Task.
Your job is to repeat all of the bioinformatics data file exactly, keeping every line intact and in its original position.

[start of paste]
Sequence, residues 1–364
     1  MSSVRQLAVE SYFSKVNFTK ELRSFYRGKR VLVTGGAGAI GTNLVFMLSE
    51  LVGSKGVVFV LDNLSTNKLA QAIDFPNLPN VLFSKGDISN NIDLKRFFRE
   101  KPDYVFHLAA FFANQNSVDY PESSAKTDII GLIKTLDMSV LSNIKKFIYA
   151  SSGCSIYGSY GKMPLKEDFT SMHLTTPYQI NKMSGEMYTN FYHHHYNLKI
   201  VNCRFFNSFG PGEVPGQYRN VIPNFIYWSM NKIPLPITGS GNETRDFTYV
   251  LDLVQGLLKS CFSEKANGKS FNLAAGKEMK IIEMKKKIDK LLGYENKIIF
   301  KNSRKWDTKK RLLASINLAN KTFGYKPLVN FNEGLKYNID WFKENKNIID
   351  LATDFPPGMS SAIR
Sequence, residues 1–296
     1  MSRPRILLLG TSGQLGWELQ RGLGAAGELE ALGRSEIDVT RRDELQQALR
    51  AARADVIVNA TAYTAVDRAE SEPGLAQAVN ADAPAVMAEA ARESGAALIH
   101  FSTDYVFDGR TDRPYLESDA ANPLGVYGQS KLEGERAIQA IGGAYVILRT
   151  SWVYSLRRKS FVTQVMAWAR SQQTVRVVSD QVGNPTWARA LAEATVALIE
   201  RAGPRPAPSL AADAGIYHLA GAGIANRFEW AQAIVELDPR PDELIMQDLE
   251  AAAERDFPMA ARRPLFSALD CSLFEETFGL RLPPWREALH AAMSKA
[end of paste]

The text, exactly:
Sequence, residues 1–364
     1  MSSVRQLAVE SYFSKVNFTK ELRSFYRGKR VLVTGGAGAI GTNLVFMLSE
    51  LVGSKGVVFV LDNLSTNKLA QAIDFPNLPN VLFSKGDISN NIDLKRFFRE
   101  KPDYVFHLAA FFANQNSVDY PESSAKTDII GLIKTLDMSV LSNIKKFIYA
   151  SSGCSIYGSY GKMPLKEDFT SMHLTTPYQI NKMSGEMYTN FYHHHYNLKI
   201  VNCRFFNSFG PGEVPGQYRN VIPNFIYWSM NKIPLPITGS GNETRDFTYV
   251  LDLVQGLLKS CFSEKANGKS FNLAAGKEMK IIEMKKKIDK LLGYENKIIF
   301  KNSRKWDTKK RLLASINLAN KTFGYKPLVN FNEGLKYNID WFKENKNIID
   351  LATDFPPGMS SAIR
Sequence, residues 1–296
     1  MSRPRILLLG TSGQLGWELQ RGLGAAGELE ALGRSEIDVT RRDELQQALR
    51  AARADVIVNA TAYTAVDRAE SEPGLAQAVN ADAPAVMAEA ARESGAALIH
   101  FSTDYVFDGR TDRPYLESDA ANPLGVYGQS KLEGERAIQA IGGAYVILRT
   151  SWVYSLRRKS FVTQVMAWAR SQQTVRVVSD QVGNPTWARA LAEATVALIE
   201  RAGPRPAPSL AADAGIYHLA GAGIANRFEW AQAIVELDPR PDELIMQDLE
   251  AAAERDFPMA ARRPLFSALD CSLFEETFGL RLPPWREALH AAMSKA